“Organ dysfunction can be represented by an increase in Sequential [Sepsis-related] Organ Failure Assessment (SOFA) score of 2 points or more, which is associated with an in-hospital mortality greater than 10%. Septic shock should be defined as a subset of sepsis in which particularly profound circulatory, cellular, and metabolic abnormalities are associated with a greater risk of mortality than with sepsis alone. Patients with septic shock can be clinically identified by the vasopressor requirement to maintain a mean arterial pressure of 65 mm Hg or greater and serum lactate level greater than 2 mmol/L (> 18 mg/dL0 in the absence of hypovolemia.” 2

As noted previously, the Third International Sepsis Consensus Definitions (Sepsis-3) requires an acute change of more than 2 sepsis-related organ dysfunction assessments (SOFA) and known or suspected infection. The clinical indicators used to identify patients with sepsis include:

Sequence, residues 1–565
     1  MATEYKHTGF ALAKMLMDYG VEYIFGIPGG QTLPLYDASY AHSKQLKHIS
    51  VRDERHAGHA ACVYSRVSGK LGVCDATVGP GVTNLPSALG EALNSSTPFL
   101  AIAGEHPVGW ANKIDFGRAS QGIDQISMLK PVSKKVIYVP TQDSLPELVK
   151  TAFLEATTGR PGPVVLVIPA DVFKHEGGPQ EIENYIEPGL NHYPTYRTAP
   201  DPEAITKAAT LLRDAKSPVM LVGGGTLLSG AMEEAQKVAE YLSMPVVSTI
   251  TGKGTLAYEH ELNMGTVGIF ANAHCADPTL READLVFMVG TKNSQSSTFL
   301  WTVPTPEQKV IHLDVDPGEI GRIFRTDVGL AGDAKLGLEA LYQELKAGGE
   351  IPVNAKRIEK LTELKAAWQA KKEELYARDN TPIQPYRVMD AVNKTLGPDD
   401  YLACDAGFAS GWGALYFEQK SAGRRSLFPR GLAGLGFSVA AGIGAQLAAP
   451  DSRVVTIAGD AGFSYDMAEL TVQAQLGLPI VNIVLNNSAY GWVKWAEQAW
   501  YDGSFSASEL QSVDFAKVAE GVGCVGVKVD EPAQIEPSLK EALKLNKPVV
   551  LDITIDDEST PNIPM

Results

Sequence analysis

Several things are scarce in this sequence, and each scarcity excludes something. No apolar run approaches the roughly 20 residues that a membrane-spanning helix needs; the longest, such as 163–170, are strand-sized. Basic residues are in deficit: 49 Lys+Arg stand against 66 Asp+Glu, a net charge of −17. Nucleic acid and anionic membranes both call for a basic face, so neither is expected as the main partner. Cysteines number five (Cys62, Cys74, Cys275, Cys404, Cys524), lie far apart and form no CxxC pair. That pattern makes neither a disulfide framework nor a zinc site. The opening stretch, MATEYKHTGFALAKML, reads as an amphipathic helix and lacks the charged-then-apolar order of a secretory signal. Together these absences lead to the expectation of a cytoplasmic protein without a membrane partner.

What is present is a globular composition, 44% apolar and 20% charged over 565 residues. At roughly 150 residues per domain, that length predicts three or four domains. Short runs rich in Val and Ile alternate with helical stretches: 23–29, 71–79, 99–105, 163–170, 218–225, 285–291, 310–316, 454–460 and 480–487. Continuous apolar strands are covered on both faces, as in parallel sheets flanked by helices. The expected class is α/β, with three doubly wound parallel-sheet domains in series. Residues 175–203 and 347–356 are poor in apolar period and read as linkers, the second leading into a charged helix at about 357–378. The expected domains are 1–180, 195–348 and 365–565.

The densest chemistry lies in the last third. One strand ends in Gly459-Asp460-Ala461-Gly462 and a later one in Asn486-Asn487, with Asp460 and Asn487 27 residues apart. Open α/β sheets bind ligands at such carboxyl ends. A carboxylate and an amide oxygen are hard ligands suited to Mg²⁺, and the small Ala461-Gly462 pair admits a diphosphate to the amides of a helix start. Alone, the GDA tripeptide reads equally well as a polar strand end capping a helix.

• Respiratory Rate >=22/min
  • Altered mental state
  • Systolic blood pressure <=100 mmHg
  • Lactate level > 2 mmol/L
  • Fever >100.4 F
  • Heart Rate > 90 bpm

SOFA looks at parameters for oxygenation, platelet count, Glasgow Coma Scale, bilirubin, degree of hypotension, and serum creatinine level. The worse the organ dysfunction, the higher the SOFA score.

Ultimately, the Sepsis-3 definition structure does not clearly identify patients in the early stages of sepsis where rapid resuscitation provides the greatest patient benefit and improves survival. This places hospitals in a difficult position as cases of “sepsis” without organ dysfunction can progress to severe sepsis with organ dysfunction or septic shock. The Sepsis-3 definition fails to recognize this very scenario and therefore, does not appear to contemplate the imperatives of early recognition, detection, and treatment of sepsis.